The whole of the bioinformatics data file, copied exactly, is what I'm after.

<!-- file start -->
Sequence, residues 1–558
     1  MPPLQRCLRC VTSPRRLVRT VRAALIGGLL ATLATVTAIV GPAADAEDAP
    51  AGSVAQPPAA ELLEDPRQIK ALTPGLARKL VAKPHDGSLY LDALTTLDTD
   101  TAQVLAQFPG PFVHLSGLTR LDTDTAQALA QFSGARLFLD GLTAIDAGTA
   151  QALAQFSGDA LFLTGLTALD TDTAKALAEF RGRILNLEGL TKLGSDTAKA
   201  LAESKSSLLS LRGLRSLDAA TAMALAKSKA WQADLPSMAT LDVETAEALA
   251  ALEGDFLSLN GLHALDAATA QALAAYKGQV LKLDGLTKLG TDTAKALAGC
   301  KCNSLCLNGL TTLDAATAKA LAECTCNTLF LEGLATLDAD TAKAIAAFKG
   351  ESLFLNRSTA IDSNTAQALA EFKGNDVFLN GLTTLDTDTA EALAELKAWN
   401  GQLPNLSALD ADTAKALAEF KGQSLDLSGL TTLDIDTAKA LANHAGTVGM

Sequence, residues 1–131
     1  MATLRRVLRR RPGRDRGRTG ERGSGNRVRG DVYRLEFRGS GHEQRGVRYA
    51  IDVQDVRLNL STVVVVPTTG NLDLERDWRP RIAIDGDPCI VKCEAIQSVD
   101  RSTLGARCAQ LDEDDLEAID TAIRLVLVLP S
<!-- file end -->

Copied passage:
Sequence, residues 1–558
     1  MPPLQRCLRC VTSPRRLVRT VRAALIGGLL ATLATVTAIV GPAADAEDAP
    51  AGSVAQPPAA ELLEDPRQIK ALTPGLARKL VAKPHDGSLY LDALTTLDTD
   101  TAQVLAQFPG PFVHLSGLTR LDTDTAQALA QFSGARLFLD GLTAIDAGTA
   151  QALAQFSGDA LFLTGLTALD TDTAKALAEF RGRILNLEGL TKLGSDTAKA
   201  LAESKSSLLS LRGLRSLDAA TAMALAKSKA WQADLPSMAT LDVETAEALA
   251  ALEGDFLSLN GLHALDAATA QALAAYKGQV LKLDGLTKLG TDTAKALAGC
   301  KCNSLCLNGL TTLDAATAKA LAECTCNTLF LEGLATLDAD TAKAIAAFKG
   351  ESLFLNRSTA IDSNTAQALA EFKGNDVFLN GLTTLDTDTA EALAELKAWN
   401  GQLPNLSALD ADTAKALAEF KGQSLDLSGL TTLDIDTAKA LANHAGTVGM

Sequence, residues 1–131
     1  MATLRRVLRR RPGRDRGRTG ERGSGNRVRG DVYRLEFRGS GHEQRGVRYA
    51  IDVQDVRLNL STVVVVPTTG NLDLERDWRP RIAIDGDPCI VKCEAIQSVD
   101  RSTLGARCAQ LDEDDLEAID TAIRLVLVLP S